So here is one of my healthy experiments. I used mashed bananas instead of the cup of sugar this recipe called for, and it's made solely with wholegrain flour. No sugar at all. They make a delicious breakfast muffin, warmed in the microwave for a few seconds and then moistened with a dab of butter:
Nutty Wheat Muffins
1 cup boiling water
1 cup raisins
1 cup mashed bananas
1 Tbsp soft margarine
2 cups wholewheat meal
1 tsp Baking powder
1 tsp baking soda
1/2 -1 tsp ground cinnamon
1/2 tsp salt
Pour boiling water over raisins and allow to cool slightly. Mix the mashed bananas and margarine together.
Add the wholewheat flour, and sifted baking powder, baking soda, cinnamon and salt. Make a well in the center and pour in the raisin mixture. Mix well.
Spoon the batter into greased muffin tins and bake for 20 minutes in a 350 F oven.
Serve hot, sliced and buttered.
Tuesday, October 26, 2021
I have a short story called The Interminable Search in this publication - so excited! It's my first submission that has been though a selection process and survived to be seen in print (hmm, not that I've been diligent in submitting very many).
Goose River Press is in Waldoboro, Maine, close to the Goose River. The editor and her spouse came from the area, and they raised their family there as well, hence the name of her press.
Monday, October 25, 2021
I paid for my laziness today! I was setting out to survey some secluded coves in my kayak, and thought I could cut out a huge chunk of kayaking by 'putting in' at the opposite side of the 'groomed' launch area (I was on a narrow peninsula). This brainwave would save me having to paddle all the way up one side of an island I'd already surveyed to get into the enclosed collection of still water coves. I wanted to cover as many inlets as I could in one afternoon. As you can see from my photo below, there was a very slight breeze disturbing the water's surface.
Since my intended launch spot had an abrupt drop-off at the water's edge into the lake, I checked first to see if I'd be able to get a solid footing on the lake bottom in order to step into my kayak. I held on to one of the trees in the foreground and tested it. I was wearing my trusty wellingtons so I didn't have to get my feet wet in the cold water. The substrate was firm, and held my weight. I could see that the shallow part was narrow and the slope dropped off quickly into deep, black water, but I only needed 2 feet's worth of space. I was pretty pleased with myself for having thought ahead to check this out, and of course, for thinking of a more efficient way of reaching my goal location.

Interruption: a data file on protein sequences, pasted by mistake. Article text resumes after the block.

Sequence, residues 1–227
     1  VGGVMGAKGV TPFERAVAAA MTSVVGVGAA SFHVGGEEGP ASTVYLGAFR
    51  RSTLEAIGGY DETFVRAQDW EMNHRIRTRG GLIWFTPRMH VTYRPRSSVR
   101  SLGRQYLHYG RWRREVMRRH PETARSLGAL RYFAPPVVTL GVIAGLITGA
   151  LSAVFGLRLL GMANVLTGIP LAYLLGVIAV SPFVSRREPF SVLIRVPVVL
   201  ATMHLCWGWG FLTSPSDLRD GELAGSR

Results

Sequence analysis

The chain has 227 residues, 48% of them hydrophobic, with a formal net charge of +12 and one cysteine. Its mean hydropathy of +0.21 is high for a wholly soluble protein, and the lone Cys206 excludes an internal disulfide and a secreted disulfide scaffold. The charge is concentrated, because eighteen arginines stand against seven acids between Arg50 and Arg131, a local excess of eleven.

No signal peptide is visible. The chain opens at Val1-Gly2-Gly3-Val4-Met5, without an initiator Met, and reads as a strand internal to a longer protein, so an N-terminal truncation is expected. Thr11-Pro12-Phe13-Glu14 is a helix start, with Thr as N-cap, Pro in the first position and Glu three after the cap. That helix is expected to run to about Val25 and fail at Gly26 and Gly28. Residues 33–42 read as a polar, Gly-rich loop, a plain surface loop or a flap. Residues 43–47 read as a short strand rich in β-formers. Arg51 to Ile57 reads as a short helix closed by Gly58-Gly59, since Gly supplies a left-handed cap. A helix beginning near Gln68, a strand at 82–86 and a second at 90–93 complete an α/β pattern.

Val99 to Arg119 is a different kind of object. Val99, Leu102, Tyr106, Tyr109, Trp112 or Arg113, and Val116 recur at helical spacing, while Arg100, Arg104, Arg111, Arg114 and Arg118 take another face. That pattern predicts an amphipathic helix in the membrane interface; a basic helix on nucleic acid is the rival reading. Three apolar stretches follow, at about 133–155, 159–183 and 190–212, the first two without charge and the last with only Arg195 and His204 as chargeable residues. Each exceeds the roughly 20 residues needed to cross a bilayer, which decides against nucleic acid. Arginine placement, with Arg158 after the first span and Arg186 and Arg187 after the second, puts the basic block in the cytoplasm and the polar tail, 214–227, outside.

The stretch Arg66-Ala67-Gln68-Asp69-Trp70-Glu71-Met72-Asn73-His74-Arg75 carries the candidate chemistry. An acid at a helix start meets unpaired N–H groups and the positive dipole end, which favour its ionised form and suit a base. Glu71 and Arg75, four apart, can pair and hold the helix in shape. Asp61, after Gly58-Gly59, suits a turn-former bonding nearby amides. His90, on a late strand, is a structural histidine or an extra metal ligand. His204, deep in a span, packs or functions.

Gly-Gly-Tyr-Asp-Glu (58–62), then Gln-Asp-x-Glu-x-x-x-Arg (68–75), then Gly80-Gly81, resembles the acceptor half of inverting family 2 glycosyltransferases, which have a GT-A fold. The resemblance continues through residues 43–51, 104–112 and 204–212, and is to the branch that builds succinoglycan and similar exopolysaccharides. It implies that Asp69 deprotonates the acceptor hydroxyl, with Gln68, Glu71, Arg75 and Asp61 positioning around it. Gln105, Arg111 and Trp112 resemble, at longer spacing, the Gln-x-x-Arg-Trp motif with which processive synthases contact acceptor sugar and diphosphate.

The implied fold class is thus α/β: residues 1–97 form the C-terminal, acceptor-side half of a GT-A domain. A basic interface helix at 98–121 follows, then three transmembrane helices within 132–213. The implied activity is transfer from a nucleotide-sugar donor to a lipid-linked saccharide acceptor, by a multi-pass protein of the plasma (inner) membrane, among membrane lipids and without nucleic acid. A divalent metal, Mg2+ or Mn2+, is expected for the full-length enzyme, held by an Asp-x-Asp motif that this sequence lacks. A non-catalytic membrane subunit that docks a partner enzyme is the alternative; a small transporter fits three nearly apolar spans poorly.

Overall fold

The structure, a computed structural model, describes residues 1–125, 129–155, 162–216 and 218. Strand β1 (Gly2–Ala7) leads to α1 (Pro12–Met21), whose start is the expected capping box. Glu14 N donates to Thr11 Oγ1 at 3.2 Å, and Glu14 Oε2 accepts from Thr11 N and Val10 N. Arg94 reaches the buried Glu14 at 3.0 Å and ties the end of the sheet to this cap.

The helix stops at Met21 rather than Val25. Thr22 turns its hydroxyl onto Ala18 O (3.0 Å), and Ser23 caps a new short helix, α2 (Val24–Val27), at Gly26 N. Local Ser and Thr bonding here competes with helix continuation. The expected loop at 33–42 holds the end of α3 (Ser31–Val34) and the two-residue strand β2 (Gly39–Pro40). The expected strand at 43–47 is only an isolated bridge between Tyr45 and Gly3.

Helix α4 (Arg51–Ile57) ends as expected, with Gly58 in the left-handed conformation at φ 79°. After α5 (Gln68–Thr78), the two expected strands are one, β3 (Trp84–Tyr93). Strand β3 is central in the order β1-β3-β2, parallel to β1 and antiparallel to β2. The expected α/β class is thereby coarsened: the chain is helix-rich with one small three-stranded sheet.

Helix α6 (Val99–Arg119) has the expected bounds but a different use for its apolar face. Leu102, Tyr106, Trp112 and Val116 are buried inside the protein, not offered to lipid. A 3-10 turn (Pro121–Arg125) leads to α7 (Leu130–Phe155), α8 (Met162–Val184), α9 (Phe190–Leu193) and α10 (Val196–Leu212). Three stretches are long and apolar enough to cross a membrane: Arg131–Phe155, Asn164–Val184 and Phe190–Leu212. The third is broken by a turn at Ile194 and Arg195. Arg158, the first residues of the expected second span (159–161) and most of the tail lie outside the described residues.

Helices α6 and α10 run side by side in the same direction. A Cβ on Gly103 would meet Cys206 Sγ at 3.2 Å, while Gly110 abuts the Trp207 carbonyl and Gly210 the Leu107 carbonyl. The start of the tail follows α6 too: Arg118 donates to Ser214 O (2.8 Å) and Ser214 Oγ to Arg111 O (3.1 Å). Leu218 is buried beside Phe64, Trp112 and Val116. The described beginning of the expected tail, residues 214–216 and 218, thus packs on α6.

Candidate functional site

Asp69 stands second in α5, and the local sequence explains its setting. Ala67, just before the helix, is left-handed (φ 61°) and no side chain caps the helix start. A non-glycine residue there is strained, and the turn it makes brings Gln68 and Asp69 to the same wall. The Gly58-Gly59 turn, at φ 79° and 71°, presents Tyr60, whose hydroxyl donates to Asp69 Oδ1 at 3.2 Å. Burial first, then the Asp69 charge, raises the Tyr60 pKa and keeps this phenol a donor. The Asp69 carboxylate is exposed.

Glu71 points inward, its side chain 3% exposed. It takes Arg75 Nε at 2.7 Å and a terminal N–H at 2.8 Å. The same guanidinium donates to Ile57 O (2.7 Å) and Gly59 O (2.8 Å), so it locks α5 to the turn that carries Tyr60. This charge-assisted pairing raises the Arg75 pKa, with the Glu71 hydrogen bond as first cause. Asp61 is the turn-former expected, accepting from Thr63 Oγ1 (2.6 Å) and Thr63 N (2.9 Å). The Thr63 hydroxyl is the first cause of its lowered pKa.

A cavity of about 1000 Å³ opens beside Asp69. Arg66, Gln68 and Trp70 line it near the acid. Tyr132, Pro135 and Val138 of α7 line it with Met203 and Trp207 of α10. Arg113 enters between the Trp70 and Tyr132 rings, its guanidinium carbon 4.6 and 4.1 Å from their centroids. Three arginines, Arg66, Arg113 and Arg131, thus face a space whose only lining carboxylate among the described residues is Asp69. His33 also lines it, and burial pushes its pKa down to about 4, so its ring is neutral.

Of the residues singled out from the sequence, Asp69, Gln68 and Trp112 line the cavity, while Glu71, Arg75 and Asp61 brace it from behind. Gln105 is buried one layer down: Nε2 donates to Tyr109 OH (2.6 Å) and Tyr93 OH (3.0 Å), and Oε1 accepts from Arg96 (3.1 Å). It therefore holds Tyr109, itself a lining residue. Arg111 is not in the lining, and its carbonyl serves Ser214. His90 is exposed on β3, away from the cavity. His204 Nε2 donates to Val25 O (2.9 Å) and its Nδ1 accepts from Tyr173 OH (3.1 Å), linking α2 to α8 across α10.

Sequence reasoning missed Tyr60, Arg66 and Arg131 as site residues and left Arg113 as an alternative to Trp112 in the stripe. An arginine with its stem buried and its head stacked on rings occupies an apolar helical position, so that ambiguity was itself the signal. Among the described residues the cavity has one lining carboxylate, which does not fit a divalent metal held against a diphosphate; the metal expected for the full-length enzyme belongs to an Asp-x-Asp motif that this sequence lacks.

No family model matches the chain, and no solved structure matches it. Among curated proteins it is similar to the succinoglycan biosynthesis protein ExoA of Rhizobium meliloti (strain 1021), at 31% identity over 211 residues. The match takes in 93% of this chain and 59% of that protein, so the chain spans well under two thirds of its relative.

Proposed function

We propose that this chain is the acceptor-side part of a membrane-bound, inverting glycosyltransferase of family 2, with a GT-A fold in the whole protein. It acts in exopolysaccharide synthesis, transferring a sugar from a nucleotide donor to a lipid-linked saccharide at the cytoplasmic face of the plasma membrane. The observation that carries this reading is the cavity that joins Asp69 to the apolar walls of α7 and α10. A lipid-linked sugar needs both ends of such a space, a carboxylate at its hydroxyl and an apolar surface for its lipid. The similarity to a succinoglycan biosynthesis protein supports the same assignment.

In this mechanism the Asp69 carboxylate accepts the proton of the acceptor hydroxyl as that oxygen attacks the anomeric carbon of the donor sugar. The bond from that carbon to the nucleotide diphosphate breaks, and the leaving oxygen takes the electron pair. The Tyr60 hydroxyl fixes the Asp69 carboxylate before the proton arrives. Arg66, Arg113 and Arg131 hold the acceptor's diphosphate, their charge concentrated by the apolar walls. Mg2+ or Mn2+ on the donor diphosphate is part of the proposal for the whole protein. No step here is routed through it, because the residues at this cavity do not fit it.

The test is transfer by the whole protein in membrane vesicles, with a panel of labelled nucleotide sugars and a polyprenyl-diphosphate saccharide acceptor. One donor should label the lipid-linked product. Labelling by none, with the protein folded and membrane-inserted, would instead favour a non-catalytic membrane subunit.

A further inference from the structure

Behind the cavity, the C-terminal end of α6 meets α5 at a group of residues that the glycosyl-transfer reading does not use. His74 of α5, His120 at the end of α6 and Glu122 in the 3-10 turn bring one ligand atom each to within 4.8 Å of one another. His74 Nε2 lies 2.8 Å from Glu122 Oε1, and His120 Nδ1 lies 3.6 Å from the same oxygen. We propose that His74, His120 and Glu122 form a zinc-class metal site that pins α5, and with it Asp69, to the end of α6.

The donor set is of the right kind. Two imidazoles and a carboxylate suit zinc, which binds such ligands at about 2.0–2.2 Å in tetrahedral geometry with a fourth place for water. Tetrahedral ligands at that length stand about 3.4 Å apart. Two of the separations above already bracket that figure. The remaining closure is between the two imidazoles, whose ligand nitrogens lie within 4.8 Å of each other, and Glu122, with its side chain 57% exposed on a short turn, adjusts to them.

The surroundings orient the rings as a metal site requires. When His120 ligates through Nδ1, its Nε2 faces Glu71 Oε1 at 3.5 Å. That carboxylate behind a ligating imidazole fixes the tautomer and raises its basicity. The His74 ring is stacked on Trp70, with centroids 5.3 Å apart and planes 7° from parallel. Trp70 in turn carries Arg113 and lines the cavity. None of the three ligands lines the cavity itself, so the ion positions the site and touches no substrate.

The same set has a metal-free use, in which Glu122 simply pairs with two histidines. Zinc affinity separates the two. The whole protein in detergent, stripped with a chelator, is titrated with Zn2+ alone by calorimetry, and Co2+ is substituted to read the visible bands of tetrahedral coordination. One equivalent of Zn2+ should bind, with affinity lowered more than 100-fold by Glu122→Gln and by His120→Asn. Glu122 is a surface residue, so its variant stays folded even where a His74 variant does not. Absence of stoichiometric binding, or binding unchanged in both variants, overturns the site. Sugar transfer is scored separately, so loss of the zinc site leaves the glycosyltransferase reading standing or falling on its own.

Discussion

Sunday, October 24, 2021
Saturday, October 23, 2021
Friday, October 22, 2021
Looking intently through the water allows the hidden treasures and obstacles to be revealed. It's a little like looking out into space - an apparent barrier that isn't really there if we look closely enough.
Thursday, October 21, 2021
Wednesday, October 20, 2021
Tuesday, October 19, 2021
Hmm, could this be a close up of elephant skin?
Monday, October 18, 2021
I took these photos of what looks like I drove into a kayak (or that a kayak came through my window) after my aborted attempt to open the back hatch of our compact little car at the end of my invasive plant survey.
For some reason, at random times, the back hatch won't open, and we haven't quite discovered why, or how to overcome it in a secure, foolproof and consistent manner - it usually just requires a lot of key-in-lock jiggling, latch clasping and unclasping, fiddling with the latch mechanism from the inside, banging on the chassis, or spraying lubricant into the lock.I was tired and dying to get home for lunch, and none of the tried and tested 'tricks' had worked. I felt as if I was going insane - we're all familiar with the quote, “insanity is doing the same thing over and over and expecting different results." So after about 20 minutes of insanity, I decided to try a new approach that would not require asking for help, knowing that it would probably take Dale's touch just 10 seconds to open it!
Sunday, October 17, 2021
I often see turtles sunning themselves, but they're usually very quick to disappear as soon as I'm within 'shooting' range.
This one's already on its way under
Looks as if this one's balancing on its shell with its feet splayed
Saturday, October 16, 2021
I think this is a white heath aster, or Symphyotrichum ericoides, a nondescript native adored by bees, flies, wasps, skippers, moths and butterflies. It puts on a brilliant show in its abundance.